Psoriatic arthritis: The safety and efficacy of secukinumab were assessed in 1,999 patients in three randomised, double-blind, placebo-controlled phase III studies in patients with active psoriatic arthritis (≥3 swollen and ≥3 tender joints) despite non-steroidal anti-inflammatory drug (NSAID), corticosteroid or disease-modifying anti-rheumatic drug (DMARD) therapy. Patients with each subtype of PsA were enrolled in these studies, including polyarticular arthritis with no evidence of rheumatoid nodules, spondylitis with peripheral arthritis, asymmetric peripheral arthritis, distal interphalangeal involvement and arthritis mutilans. Patients in these studies had a diagnosis of PsA of at least five years. The majority of patients also had active psoriasis skin lesions or a documented history of psoriasis. Over 61% and 42% of the PsA patients had enthesitis and dactylitis at baseline, respectively. For all studies, the primary endpoint was American College of Rheumatology (ACR) 20 response. For Psoriatic Arthritis study 1 (PsA study 1) and Psoriatic Arthritis study 2 (PsA study 2), the primary endpoint was at week 24. For Psoriatic Arthritis study 3 (PsA study 3), the primary endpoint was at week 16 with the key secondary endpoint, the change from baseline in modified Total Sharp Score (mTSS), at week 24.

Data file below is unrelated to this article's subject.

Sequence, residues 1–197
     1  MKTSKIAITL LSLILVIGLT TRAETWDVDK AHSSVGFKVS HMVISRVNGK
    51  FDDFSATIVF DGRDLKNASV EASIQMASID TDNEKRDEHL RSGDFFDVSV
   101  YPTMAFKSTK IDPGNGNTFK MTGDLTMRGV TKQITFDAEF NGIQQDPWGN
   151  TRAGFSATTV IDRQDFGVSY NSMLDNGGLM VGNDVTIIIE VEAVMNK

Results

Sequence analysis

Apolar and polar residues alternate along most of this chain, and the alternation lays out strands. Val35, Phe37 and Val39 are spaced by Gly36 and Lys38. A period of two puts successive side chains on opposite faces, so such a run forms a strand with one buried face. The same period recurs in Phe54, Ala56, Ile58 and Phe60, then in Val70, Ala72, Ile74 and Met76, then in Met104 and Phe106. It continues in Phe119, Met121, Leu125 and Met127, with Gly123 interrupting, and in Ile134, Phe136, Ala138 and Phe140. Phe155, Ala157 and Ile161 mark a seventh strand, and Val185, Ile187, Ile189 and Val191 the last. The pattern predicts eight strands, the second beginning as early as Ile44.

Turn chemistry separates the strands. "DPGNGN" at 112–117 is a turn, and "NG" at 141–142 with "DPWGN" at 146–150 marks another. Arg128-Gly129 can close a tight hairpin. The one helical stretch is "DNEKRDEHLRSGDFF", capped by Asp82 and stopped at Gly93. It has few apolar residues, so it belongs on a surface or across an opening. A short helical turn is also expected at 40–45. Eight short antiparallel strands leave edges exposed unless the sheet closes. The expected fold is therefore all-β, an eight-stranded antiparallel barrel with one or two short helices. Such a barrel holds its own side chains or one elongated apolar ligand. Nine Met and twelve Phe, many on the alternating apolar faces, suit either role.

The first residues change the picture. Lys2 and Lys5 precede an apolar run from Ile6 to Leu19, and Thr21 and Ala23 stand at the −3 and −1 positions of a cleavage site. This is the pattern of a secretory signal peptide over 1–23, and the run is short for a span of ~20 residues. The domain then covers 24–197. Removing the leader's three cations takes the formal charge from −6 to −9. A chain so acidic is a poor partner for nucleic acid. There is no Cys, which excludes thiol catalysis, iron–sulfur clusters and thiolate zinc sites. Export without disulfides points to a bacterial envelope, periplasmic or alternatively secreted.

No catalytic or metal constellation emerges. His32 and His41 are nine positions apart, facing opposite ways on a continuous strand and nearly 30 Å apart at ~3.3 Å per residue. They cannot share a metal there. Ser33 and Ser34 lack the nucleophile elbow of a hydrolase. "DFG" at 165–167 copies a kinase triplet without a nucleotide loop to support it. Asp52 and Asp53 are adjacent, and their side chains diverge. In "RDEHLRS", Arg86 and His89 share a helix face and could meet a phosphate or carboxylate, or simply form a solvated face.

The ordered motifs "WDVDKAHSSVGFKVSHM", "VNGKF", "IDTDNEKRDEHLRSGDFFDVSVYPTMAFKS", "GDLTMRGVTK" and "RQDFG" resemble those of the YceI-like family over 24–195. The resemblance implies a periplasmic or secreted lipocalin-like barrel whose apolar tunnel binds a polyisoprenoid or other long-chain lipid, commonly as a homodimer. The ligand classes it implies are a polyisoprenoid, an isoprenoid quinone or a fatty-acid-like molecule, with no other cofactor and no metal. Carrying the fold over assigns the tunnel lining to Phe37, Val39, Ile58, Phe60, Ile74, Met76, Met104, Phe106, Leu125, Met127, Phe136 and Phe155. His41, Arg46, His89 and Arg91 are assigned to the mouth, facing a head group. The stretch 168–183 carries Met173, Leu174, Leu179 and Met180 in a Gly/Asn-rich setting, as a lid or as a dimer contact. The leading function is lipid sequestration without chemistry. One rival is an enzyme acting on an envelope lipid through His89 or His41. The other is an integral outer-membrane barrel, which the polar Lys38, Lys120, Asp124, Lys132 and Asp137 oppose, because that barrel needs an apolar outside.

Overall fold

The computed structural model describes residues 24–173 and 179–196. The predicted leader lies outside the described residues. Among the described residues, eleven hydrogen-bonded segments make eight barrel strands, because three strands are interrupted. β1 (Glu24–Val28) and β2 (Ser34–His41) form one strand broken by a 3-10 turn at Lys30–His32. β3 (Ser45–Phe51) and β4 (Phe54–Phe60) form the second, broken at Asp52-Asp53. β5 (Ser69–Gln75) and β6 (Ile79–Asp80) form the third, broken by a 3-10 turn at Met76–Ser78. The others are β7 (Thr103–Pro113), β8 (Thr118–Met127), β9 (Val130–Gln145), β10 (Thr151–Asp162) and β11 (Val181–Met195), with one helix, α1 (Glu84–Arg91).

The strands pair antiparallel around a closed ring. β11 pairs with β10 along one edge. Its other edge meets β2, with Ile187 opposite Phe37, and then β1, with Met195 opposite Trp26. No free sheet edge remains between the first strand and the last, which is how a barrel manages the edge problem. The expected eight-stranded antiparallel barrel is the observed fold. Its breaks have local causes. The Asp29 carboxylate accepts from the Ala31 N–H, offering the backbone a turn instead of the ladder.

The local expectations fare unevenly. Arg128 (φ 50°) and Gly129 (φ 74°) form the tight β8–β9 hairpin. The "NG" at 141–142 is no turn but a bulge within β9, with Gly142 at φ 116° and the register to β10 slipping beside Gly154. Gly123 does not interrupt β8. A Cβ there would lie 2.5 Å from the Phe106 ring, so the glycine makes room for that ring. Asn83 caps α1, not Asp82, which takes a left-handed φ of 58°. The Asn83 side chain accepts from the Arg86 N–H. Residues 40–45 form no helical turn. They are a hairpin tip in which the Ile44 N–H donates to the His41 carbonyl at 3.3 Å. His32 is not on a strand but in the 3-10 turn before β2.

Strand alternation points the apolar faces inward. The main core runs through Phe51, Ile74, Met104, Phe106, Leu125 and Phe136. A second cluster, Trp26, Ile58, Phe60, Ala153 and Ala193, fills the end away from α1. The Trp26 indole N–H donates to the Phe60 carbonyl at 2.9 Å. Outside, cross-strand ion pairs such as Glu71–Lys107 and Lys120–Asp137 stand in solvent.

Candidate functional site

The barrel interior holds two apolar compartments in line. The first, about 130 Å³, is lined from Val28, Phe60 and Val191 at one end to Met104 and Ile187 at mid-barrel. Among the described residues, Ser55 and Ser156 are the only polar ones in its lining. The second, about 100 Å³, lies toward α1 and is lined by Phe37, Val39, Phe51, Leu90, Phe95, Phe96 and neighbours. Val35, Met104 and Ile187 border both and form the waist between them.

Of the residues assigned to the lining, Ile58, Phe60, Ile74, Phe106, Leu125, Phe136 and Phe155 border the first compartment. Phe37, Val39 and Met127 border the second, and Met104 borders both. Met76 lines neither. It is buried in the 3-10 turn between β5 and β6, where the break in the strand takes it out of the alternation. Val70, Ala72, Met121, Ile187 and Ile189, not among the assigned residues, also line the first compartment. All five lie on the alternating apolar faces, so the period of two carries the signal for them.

In PsA study 1, PsA study 2 and PsA study 3, 29%, 35% and 30% of patients, respectively, were previously treated with an anti-TNFα agent and discontinued the anti-TNFα agent for either lack of efficacy or intolerance (anti-TNFα-IR patients).
PsA study 1 (FUTURE 1) evaluated 606 patients, of whom 60.7% had concomitant MTX. Patients randomised to secukinumab received 10 mg/kg intravenously at weeks 0, 2, and 4, followed by either 75 mg or 150 mg subcutaneously every month starting at week 8. Patients randomised to placebo who were non-responders at week 16 (early rescue) and other placebo patients at week 24 were crossed over to receive secukinumab (either 75 mg or 150 mg subcutaneously) followed by the same dose every month.